by Robin Cook

(good; ~30th percentile for SciThri genre)

Year published: 1999
Category: medical thriller; science thriller; series

Tech rating (out of 5):

SUMMARY {from the back cover}:

A disgruntled Russian émigré is poised to lash out at the adoptive nation he believes has denied him the American dream. A former technician in the Soviet biological weapons system, he possesses the knowledge to unleash a bioweapon on New York City. But first he must experiment on a few unsuspecting victims…


Is it possible this book was written by the same author who gave us Coma?

Well, considering how incredibly prolific Robin Cook is as a writer, I’ll forgive him a below-average book. Even here, his story ideas were timely and compelling: Vector is about bioterrorism using anthrax. He wrote this book years before such an attack actually occurred in the U.S., with the anthrax letters mailed in late 2001.

Although the plot is weak, the science and history behind it are spot-on and just as important today as ten years ago. The accidental release of aerosolized anthrax from a bioweapons facility in the Soviet city of Sverdlovsk is a documented (though little-known) fact, and the Soviet biological warfare research program continued in secret long after the USSR signed the global Biological Weapons Convention, banning such work. Who knows what all those educated biowarfare technicians are doing today—for the right price?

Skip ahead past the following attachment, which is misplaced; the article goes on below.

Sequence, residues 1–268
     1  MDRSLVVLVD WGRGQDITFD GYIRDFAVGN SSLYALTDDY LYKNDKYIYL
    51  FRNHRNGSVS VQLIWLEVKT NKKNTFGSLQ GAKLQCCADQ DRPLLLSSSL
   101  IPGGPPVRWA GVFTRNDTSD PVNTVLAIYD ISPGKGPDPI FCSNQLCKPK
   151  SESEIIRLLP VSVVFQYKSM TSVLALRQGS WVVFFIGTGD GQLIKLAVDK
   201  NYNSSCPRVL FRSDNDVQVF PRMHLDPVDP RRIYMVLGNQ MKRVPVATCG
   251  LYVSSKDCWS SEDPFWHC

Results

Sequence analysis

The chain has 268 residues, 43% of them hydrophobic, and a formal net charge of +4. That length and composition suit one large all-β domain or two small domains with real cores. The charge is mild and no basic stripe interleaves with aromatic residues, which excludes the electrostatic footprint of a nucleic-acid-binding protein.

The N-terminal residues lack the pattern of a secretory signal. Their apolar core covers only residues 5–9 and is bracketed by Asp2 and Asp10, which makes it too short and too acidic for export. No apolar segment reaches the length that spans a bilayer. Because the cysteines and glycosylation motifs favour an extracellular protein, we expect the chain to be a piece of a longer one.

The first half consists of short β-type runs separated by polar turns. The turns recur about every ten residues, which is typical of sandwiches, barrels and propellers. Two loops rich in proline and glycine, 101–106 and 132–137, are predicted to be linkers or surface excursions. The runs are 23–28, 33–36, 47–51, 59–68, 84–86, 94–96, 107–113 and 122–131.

Sadly Cook fails to pull his fascinating plot elements into a solid story. Set in New York City and featuring Cook’s series characters Dr. Laurie Montgomery and Dr. Jack Stapleton, both medical examiners, Vector is ruined by predictability and one after another of the most outrageous coincidences. Sure, any good thriller may rely on an improbable event or two, but the coincidences here are glaring and also essential to the plot. This reader doesn’t buy it.

Stapleton is a typical thriller hero: clever, rebellious, both morally and intellectually above his superiors at work. He’s challenged in the love department (trying to get something going with Laurie Montgomery), and emotionally handicapped by the earlier loss of his wife. In Vector, he’s a loose cannon with a lucky streak.

Themes in this book: anthrax; bioterrorism; Sverdlovsk; Soviet bioweapons program; white supremacists; domestic terrorism; forensic pathology

Robin Cook novels featuring New York medical examiners Jack Stapleton and Laurie Montgomery:
Blindsight (1992); Contagion (1995); Chromosome 6 (1997); Vector (1999); Marker (2005); Crisis (2006)

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